The Listeria Outbreak Highlights Why We Need a Single Food Agency

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There are a dozen-plus recommendations for avoiding tainted cantaloupes. How about we build a food safety system that actually works?

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Are you as puzzled about the latest cantaloupe outbreak as I am? This time it's listeria again (see previous post on this particular pathogen).

According to the CDC, 72 people have been infected with the strains of listeria associated with the outbreak in 18 states. Most appalling, 13 people have died.

The CDC says that the people who have become ill range from 35 to 96 years, with a median age of 78 years. Most are over age 60 or have health conditions that weaken the immune system. Pregnant women are at especially high risk as are their fetuses.

As always, the recall occurred after most of the cases were reported to the CDC. The cantaloupe were traced to Jensen Farms, which issued a recall on September 14.

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Why cantaloupe? They are, after all, grown in dirt and their skin is rough, textured, and has plenty of places for bacteria to hide. People pick up listeria by handling the fruit and cutting into it. FDA's information page lists the recalls and press releases on the Jenson Farms outbreak.

The FDA's advice: throw it out.

Do not try to wash the harmful bacteria off the cantaloupe as contamination may be both on the inside and outside of the cantaloupe. Cutting, slicing, and dicing may also transfer harmful bacteria from the fruit's surface to the fruit's flesh.

What do food safety experts say you have to go through to avoid getting sick from eating cantaloupe?

  • Wash the melon under running water with a clean vegetable brush.
  • Blot with paper towels to remove excess water.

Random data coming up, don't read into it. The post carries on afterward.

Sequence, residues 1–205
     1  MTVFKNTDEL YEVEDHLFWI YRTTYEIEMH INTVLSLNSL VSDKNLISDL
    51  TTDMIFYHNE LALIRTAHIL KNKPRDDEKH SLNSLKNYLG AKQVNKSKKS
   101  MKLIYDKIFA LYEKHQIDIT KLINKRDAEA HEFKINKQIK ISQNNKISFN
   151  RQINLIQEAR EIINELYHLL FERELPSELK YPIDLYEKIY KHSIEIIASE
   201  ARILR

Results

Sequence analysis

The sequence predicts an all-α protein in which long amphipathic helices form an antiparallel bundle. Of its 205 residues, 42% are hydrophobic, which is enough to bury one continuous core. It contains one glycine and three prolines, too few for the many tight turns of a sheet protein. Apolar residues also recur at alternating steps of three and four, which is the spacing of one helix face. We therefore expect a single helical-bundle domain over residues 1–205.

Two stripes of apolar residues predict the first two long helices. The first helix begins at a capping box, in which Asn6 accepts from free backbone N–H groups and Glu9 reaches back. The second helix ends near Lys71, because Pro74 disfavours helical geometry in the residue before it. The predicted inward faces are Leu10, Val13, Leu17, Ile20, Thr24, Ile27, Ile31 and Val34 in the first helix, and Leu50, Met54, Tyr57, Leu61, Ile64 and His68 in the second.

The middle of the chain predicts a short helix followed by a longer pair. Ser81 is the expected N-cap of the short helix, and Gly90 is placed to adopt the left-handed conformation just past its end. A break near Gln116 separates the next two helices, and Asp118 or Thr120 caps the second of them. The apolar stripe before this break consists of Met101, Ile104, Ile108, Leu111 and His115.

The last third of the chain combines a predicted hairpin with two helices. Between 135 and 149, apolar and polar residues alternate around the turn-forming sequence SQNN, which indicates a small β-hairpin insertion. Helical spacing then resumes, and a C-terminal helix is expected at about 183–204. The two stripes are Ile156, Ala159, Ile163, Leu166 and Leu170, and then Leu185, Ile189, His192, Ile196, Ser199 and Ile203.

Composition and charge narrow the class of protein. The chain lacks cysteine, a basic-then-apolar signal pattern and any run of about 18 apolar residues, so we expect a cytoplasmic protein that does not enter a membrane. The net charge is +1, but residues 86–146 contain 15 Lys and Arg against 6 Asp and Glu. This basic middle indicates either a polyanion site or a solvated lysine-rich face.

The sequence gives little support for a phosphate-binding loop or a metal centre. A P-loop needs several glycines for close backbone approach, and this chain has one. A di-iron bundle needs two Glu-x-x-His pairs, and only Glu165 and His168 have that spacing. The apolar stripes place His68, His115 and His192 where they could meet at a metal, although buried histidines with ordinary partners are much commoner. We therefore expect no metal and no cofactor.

• Put melon on a clean surface, one that hasn't come into contact with meat or poultry or other foods that could cause cross-contamination.
  • Cut off the stem end about 3/4 to 1 inch from the end, using a clean kitchen knife.
  • Place melon on a clean cutting board, plate, or other clean surface with the cut end facing down.
  • Using a clean knife, cut the melon from the blossom end to the stem end.
  • Follow this by washing the knife with clean running water and setting it aside.
  • Gently scrape out the seeds with a clean spoon and cut the melon into slices or whatever is desired.
  • Don't use dish soap or detergent; cantaloupes can absorb detergent residues.
  • Do not allow the rind to touch any part of the edible fruit.
  • Melon that isn't eaten should be peeled, covered, and refrigerated.
  • Discard any melon that has been at room temperature for longer than two hours, or one hour when the temperatures are over 90 degrees Fahrenheit.
  • Follow these procedures for all melons, no matter where they were grown.

What? No HazMat suit?

We are talking about cantaloupes here.

How about a food safety system where everyone makes sure -- and tests -- that listeria don't get on cantaloupe in the first place.

Single food agency anyone?

Image: REUTERS/Jeff Topping.

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This post also appears on Food Politics.

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Marion Nestle is a professor in the Department of Nutrition, Food Studies, and Public Health at New York University. She is the author of Food Politics, Safe Food, What to Eat, and Pet Food Politics. More

Nestle also holds appointments as Professor of Sociology at NYU and Visiting Professor of Nutritional Sciences at Cornell. She is the author of three prize-winning books: Food Politics: How the Food Industry Influences Nutrition and Health (revised edition, 2007), Safe Food: The Politics of Food Safety (2003), and What to Eat (2006). Her most recent book is Feed Your Pet Right: The Authoritative Guide to Feeding Your Dog and Cat. She writes the Food Matters column for The San Francisco Chronicle and blogs almost daily at Food Politics.

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